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Thalassas, 2009, 25 (2):27-40 An International Journal of Marine Sciences

HEAVY MINERALS IN MODERN SEDIMENTS OF THE BAY OF CADIZ AND THE ADJACENT CONTINENTAL SHELF (SOUTHWESTERN SPAIN): NATURE AND ORIGIN

M. ACHAB(1) & J.M.GUTIERREZ-MAS(2)

Key words: Heavy minerals, marine sediments, source area, Bay of Cadiz.

ABSTRACT The content of heavy minerals in modern sediments of the Bay of Cadiz and the adjacent continental shelf were analysed. Their nature and distribution were found to be related to the petrographic nature of the source areas and to the hydrodynamic behaviour of the mineral grains. The relationship between ultrastable and metastable minerals indicates the predominance of the first in sandy and muddy sand deposits. The distribution of this ratio permitted to distinguish both in the Bay of Cadiz and in the adjacent shelf sedimentary environments of variable degree of reworking and maturity. The factorial analysis has allowed the establishment of two mineralogical association (zircon>hornblende> andalusite and garnet> topaz> tourmaline> rutile) that are similar to those defined in different geological units close to the study area.

(1) Université Mohammed V-Agdal, Institut Scientifique, Département des Sciences de la Terre, B.P.703, Rabat, Maroc. E-mail : [email protected] (2) Universidad de Cadiz, Facultad de Ciencias del Mar, Departamento de Geologia, Apartado 40, 11510, Puerto Real (Cadiz).

The possible sources of heavy minerals to the study area are related with the Aljibe Sandstone and the calcarenites present in the Guadalete River basin, as well as to the igneous and metamorphic formations (Iberian Massif) of Guadalquivir river basin. The main transport agents are the Guadalquivir and the Guadalete s. Other possible source of supplies is related to the material eroded from exposed coastal cliffs and beaches. INTRODUCTION Heavy minerals have been traditionally used in sedimentological studies in order to determine source areas and conditions of erosional grain. They provide useful information about sediment transport trends and longshore drift processes (Li & Komar, 1992; Heikoop, 1993; Anfuso et al., 1999; Hoffman et al., 1999). Although their use is more restricted nowadays, the applications of modern techniques of mineralogical and statistical analysis allow approaching this procedure as an appropriate complement to wider sedimentological studies (Imbrie & Van Andel, 1964; Komar et al., 1989; Gutierrez Más et al., 1993).

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Figure 1: Upper Quaternary sea-level reconstructions (modified from Waelbroek et al. 2002).

The heavy fraction normally represents less than 5% of the total amount of detritic sediments; however, it can reach higher concentrations, especially in sandy beach sediments (Vatan, 1954; Perez-Mateos et al., 1982; Komar, 1998). They are composed by heterogeneous minerals groups, which are generally allochthonous and of terrigenous origin (Blatt et al., 1980). Heavy minerals are resistant to mechanical and chemical alteration processes; consequently, they are useful as natural tracers, so much for their hydrodynamic behaviour and their potential of preservation (Parfenoff et al., 1970; Pettijohn, 1975; Morton, 1985). The concentration and distribution of heavy minerals in detritic sediments is mainly controlled by the rate and the source type of sediment supply, the hydraulic processes, as well as by the grain size and the specific weight (Berquist et al., 1990; Haughton et al., 1991; Poppe, & Commeau, 1996; Dill, 1998; Ergin et

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al., 2007). Another factor controlling the distribution of the heavy minerals content is their mode of erosion, transport and sedimentation, due to their selective resistance to weathering and hydrodynamic processes (Flores & Shideler, 1978; Mezzadri & Saccani, 1988; Frihy & Dewidar, 2003). In this work, we analyse the content and distribution of heavy minerals found in the sandy fraction of modern sediments covering the Bay of Cadiz and adjacent shelf. The ratios amongst ultrastable and matastables heavy minerals, heavy minerals assemblages, as well as the relationships between them in different zones of the study area and their distribution patterns are used in order to recognise their nature and behaviour in the marine environment, source areas and transport agents, as well as their relationship with granulometric and hydrodynamic characteristics.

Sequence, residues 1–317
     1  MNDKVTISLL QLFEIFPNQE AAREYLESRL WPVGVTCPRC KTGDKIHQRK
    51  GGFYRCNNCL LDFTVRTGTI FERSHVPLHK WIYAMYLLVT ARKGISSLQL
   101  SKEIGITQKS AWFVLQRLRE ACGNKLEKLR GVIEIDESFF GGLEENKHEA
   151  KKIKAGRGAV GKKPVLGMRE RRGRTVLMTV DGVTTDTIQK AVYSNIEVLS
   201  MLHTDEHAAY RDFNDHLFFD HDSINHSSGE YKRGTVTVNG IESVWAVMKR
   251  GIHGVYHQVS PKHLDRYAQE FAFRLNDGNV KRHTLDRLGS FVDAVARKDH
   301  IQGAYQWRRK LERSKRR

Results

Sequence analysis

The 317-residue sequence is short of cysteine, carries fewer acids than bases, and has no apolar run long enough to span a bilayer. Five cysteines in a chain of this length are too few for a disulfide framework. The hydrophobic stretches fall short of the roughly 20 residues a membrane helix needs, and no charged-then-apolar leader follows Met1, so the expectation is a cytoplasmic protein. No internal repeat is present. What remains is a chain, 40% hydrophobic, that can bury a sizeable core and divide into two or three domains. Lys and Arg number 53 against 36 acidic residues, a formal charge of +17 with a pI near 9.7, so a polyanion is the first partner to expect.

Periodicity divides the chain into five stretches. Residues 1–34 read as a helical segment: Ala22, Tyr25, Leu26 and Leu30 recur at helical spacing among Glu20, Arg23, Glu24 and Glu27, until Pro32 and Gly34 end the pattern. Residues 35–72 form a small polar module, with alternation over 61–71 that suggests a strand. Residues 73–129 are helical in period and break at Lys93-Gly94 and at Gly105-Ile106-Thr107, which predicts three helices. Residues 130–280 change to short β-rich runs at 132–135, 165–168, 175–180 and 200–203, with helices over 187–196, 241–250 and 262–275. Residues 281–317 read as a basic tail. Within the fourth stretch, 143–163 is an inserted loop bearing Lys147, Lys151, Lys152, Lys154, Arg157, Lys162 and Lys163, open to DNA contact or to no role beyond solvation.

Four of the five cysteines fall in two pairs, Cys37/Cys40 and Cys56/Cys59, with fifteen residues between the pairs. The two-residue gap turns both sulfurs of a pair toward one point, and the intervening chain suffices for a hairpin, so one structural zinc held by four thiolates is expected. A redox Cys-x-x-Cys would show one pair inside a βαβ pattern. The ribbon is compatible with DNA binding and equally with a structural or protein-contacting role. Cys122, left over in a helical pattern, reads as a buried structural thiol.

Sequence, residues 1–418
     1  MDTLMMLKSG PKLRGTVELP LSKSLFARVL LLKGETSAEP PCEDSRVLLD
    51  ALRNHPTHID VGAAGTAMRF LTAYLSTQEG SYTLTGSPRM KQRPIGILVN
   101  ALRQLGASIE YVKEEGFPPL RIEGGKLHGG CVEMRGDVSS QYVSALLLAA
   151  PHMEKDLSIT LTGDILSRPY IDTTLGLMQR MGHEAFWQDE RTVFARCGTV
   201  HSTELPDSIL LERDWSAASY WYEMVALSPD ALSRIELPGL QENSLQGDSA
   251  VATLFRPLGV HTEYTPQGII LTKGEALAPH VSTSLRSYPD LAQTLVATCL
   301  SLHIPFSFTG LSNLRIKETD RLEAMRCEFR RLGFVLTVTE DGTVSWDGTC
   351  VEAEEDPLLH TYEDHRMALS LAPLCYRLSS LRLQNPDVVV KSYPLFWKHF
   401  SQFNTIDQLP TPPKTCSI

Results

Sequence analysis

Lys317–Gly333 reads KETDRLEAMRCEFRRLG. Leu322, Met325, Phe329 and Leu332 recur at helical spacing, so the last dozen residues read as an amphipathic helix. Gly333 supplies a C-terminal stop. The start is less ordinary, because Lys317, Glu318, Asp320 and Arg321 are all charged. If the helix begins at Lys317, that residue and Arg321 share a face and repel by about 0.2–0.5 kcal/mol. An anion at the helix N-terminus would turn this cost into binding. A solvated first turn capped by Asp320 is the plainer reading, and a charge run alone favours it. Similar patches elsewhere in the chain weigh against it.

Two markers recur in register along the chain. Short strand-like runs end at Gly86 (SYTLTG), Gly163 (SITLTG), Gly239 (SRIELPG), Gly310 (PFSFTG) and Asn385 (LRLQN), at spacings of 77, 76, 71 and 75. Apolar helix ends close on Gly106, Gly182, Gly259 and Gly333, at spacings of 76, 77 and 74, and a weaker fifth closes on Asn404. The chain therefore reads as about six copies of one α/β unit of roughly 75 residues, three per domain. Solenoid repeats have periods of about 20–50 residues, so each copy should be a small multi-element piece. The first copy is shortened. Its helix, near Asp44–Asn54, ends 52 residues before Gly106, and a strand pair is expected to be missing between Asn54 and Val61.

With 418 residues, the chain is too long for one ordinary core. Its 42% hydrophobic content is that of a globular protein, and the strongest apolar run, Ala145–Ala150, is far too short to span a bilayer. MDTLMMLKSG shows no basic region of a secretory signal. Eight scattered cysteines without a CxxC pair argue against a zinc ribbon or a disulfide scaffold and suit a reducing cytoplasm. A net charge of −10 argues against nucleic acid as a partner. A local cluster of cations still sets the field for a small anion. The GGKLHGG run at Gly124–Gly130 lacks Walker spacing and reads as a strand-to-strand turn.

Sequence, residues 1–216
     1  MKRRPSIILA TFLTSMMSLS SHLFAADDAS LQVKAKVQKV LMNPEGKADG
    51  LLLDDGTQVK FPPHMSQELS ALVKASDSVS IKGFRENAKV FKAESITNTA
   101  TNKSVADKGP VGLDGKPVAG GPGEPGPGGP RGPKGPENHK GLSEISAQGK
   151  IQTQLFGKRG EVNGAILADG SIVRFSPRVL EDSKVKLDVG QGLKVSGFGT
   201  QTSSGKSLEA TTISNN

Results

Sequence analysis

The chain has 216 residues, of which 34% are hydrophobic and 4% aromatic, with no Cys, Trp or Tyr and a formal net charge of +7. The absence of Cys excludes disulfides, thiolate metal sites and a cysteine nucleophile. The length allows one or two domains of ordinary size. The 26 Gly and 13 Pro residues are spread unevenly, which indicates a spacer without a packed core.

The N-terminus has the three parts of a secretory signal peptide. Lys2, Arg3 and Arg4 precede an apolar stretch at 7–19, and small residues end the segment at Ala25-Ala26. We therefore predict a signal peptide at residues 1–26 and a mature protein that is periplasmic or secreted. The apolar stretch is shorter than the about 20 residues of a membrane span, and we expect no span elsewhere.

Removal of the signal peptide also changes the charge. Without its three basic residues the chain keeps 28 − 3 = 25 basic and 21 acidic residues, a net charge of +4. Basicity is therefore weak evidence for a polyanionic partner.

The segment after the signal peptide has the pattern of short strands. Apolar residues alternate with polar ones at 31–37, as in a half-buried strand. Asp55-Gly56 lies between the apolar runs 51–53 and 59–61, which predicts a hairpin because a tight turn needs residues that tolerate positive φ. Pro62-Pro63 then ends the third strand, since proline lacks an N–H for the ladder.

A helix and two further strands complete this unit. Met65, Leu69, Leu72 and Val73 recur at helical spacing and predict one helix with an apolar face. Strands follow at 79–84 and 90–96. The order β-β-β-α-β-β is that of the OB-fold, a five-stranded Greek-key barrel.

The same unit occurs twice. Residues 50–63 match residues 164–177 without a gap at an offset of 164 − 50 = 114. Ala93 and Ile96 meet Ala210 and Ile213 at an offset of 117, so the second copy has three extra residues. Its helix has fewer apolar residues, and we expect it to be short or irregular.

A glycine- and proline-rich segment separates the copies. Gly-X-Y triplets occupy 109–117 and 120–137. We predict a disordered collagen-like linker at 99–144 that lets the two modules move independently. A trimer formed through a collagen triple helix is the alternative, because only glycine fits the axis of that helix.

Heavy minerals in modern sediments of the Bay of Cadiz

STUDY AREA The study area is located in the northern sector of the Gulf of Cadiz (southwestern Spain) (Fig. 1). The Bay of Cadiz is about 28.5 km long and 13.5 km wide; the nearby continental shelf has an average width of 40 km, and the slope break occurs at 150-200 m water depth. The coastline and the continental shelf are oriented NNW-SSE, with E-W sections having a stepped profile because of the influence of both ancient and recent faults and diaclases, recognised both onshore and offshore (Gracia et al., 1999; Gutiérrez Mas et al., 2004) The tidal regime in the Bay of Cadiz is mesotidal and semidiurnal with an average amplitude of 2.39 m and maxima of 3.71 m; the associated tidal currents are considered to be responsible of fine sediment transport (Achab et al., 1998) In the nearby continental shelf the hydrodynamic system is dominated by southeastwardmoving North Atlantic Surface Water (NASW) and littoral currents, which lead to fine sediment dispersal from the Guadalquivir and Guadiana Rivers (Gutiérrez Mas et al., 2006). Basinward, the Mediterranean Outflow Water (MOW) moves westward contouring the slope (Baringer & Price, 1999). Westerly winds are the most frequent with 13.6% of occurrences. Easterly winds are also important with a frequency of 12.3% (Ramos, 1991) Sea waves (mean frequency of 6.96%) presents a relative predominance of east component, while for the Swell wave (10.26%) predominates the west component. Longshore currents are controlled essentially by northwestern surges, generating currents toward the southeast, whereas southwestern surges make it toward the north. Sedimentary strata outcropping in and around the Bay of Cadiz are of Plio-Quaternary age being constituted by clays, marls, sands, sandstones and some limestone and conglomerate levels. Other material outcropping in the Guadalete basin are upper Miocene calcarenites and marls, clays and gypsum of the Subbetic Trias (Fig.2). Upon all those materials,